The new Apple TV: A true multimedia device

The recent update of the Apple TV fulfills its promise of easy home entertainment

Although the Apple TV didn't get an overhaul for almost a year. During that year, the device, which promised to bring digital media (music, photos and video) from the computer to the living room, tried to establish itself in a marketplace rife with competitors. Systems such as Microsoft's Xbox 360 and Netgear's EVA series, not to mention TiVo, are all striving to dominate that elusive space.

Introduced at Macworld in January, this second iteration of Apple TV (which some call Apple TV Take 2) is a response to many of the initial criticisms of its predecessor as a media device that lacked direct access to online content. Users can now search and buy content from the iTunes Store directly on the Apple TV, including music, TV shows and movie rentals (which were introduced at Macworld).

In addition, it now allows users to browse Flickr and photo galleries from Apple's .Mac service just as easily.

In other words, the new-and-better Apple TV (a firmware/software update is free for existing owners) is designed to make the device an entertainment product in its own right rather than a computer accessory connected to a TV. The question is: At a cost of $449 for a model with 40GB of storage space and $579 for a 160GB model, does this new version of the Apple TV make the cut?

Improved interface

As with my first experience with the Apple TV, I found the menu structure and navigation to be almost brilliant in its simplicity. In Apple TV Take 2, the menu has been somewhat redesigned. Instead of maintaining an iPod-like navigation in which users must drill down through several options to locate a feature, the new two-column approach makes it faster and easier to switch from one facet of the device (say, music) to another (such as YouTube browsing).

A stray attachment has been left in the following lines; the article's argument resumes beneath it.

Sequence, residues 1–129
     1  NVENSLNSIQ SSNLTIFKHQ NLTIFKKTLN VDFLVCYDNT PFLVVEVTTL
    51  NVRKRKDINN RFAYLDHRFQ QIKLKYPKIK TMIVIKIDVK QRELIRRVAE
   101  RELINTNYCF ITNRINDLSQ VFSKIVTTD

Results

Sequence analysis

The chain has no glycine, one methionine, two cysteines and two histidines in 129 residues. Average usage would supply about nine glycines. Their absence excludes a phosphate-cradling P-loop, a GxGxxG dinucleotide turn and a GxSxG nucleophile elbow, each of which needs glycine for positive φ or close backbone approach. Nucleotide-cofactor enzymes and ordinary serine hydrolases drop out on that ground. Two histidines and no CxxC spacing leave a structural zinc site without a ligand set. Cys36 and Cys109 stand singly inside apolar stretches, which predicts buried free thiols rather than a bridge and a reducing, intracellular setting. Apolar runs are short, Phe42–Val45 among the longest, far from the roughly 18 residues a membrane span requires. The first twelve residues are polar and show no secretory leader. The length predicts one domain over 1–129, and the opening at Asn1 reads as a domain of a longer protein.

Like the original Apple TV, Apple TV Take 2 includes and relies on Apple's standard remote, the same one that Apple ships with current Mac models. The remote carries through that ease-of-use theme: It features only six buttons (up, down, right, left, pause/play/select, and menu). Apple has certainly figured out how to limit the confusion often associated with remote control devices.

The one thing that I wish could be improved is the method Apple TV uses when you need to actually type in a search term or a site ID: You have to maneuver around an on-screen keyboard, picking out letters one at a time using the directional buttons on the remote. It works, but the process of entering even moderately long movie or song titles or search strings quickly becomes tedious.

Admittedly, there's really nothing that Apple can do about this, short of providing a remote with a keyboard on it -- but at times it did feel like I spent more time typing with the on-screen keyboard via the remote than actually accessing content.

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Ryan Faas

Computerworld

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